- a change in fertilizer consumption from fertilizers with high levels of "impurities" such as sulphur, to high analysis fertilizers;
- a reduction in sulphur based pesticides; and
- an increased crop demand for sulphur due to the breeding of higher yielding and shorter growing varieties.
What is sulphur required for?
Sulphur is a necessary element in the physiology of the plant. It is taken up from the soil in the form of sulphate and reduced in the chloroplast of crop plants. Sulphur can also be taken up in small amounts from the ambient air in the form of sulphur dioxide, carbonyl sulphide or hydrogen sulphide.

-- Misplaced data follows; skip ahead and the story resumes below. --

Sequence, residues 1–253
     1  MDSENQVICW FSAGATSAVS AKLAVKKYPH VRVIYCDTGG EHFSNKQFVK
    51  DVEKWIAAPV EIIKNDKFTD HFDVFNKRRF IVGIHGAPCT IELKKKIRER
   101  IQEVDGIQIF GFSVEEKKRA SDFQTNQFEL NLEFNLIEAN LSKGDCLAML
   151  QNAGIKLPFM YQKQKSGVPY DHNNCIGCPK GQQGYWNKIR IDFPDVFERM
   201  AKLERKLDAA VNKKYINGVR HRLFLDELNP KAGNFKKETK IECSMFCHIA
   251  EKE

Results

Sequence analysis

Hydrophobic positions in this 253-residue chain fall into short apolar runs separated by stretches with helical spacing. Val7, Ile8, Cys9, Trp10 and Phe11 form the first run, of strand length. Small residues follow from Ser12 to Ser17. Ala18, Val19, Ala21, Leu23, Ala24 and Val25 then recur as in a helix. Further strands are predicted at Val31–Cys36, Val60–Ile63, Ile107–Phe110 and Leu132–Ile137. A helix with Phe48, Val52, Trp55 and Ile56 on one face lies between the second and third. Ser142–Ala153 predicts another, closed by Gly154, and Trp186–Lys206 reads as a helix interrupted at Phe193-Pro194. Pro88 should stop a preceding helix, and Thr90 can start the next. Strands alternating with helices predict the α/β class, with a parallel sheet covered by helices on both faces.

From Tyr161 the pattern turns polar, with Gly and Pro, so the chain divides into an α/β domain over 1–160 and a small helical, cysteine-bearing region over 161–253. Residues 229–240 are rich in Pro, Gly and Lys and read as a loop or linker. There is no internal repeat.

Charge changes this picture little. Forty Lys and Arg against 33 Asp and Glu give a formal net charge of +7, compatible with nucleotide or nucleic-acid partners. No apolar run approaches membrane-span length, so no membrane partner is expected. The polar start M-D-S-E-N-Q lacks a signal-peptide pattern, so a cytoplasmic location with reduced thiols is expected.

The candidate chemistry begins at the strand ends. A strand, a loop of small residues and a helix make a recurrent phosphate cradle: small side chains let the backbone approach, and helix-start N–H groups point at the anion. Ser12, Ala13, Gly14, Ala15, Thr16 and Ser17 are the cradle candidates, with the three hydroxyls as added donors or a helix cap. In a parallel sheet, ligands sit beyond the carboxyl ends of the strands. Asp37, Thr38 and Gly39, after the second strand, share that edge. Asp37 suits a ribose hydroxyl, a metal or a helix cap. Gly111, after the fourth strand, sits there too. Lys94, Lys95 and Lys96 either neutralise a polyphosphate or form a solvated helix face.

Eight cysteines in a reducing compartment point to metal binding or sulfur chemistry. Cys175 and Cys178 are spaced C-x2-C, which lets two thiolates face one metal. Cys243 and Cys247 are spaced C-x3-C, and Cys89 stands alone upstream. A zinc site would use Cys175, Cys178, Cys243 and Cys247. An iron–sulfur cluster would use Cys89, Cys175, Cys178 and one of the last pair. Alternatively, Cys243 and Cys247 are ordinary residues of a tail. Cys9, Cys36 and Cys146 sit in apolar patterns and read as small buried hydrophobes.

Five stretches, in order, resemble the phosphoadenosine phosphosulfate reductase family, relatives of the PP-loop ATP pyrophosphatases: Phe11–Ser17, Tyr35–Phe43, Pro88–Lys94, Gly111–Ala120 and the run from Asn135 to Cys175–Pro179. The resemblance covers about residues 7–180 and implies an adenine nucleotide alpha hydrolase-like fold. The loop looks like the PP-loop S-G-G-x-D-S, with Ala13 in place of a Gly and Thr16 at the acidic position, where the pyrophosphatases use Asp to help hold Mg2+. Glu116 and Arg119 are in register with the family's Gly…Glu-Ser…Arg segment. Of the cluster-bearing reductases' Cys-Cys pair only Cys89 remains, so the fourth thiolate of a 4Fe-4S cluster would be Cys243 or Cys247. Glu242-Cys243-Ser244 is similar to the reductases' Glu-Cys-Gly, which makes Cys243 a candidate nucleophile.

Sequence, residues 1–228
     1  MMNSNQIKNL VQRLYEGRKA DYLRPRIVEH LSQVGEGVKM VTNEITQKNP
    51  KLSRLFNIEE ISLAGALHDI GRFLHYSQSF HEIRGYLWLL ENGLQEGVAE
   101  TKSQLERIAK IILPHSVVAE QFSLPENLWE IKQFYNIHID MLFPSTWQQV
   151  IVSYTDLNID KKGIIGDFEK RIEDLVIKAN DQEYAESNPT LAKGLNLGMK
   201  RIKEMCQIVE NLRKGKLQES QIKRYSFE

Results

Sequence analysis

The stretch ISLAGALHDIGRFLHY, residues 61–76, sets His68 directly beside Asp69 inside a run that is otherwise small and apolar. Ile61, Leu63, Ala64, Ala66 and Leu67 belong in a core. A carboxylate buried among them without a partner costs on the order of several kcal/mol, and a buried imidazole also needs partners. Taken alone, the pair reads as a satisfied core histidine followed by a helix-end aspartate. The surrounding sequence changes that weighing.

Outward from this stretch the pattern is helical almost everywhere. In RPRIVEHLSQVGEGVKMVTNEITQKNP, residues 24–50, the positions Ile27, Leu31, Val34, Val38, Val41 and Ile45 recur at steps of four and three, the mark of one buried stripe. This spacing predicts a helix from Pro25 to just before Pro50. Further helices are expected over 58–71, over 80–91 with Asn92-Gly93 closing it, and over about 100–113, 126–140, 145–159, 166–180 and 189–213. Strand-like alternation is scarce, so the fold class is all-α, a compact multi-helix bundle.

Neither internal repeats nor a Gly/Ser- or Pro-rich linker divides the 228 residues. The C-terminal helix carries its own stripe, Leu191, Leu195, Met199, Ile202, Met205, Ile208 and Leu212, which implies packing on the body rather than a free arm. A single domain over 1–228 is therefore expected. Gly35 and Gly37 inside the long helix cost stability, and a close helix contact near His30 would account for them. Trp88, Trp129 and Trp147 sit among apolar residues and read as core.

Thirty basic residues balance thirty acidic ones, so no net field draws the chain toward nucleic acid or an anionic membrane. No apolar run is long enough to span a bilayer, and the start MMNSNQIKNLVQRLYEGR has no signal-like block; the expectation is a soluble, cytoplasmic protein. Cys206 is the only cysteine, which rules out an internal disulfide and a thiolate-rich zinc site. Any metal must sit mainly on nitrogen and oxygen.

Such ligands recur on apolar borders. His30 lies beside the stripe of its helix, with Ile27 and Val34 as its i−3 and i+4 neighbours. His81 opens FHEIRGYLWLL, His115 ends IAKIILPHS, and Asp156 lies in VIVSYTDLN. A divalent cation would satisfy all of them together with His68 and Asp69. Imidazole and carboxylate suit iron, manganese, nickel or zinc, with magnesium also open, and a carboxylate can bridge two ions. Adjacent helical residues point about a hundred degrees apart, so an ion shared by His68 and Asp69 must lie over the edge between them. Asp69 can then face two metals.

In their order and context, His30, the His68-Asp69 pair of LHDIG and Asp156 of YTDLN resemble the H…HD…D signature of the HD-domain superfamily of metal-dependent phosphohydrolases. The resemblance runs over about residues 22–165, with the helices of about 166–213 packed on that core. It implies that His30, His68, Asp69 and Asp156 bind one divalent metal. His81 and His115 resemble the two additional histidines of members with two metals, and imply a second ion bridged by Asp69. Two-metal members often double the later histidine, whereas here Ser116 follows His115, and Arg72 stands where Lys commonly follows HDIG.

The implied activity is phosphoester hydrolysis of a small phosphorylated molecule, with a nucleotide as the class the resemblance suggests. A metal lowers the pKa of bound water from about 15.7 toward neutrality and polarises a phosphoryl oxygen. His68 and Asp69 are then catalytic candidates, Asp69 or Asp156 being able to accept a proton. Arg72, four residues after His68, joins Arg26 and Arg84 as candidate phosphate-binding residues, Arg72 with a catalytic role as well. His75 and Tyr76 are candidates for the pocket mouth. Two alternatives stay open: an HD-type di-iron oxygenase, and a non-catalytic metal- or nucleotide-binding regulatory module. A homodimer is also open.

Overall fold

Sulphur is needed in the formation of essential amino acids. These amino acids are important in the structure of proteins, as well as in certain enzymes, vitamins, secondary compounds and are also key ingredients of chlorophyll.
Sulphur and crop quality
Different quality aspects of crops are directly influenced by the sulphur content in plants:
- Sulphur influences the baking quality of wheat grain. Figure 1 shows how sulphur deficiency can negatively affect baking quality.
Figure 1: The effect of sulphur nutrition on baking quality
- The supply of sulphur also affects bio-active sulphur-containing metabolites in onion and garlic. This quality aspect will have a direct influence on the taste of these vegetables.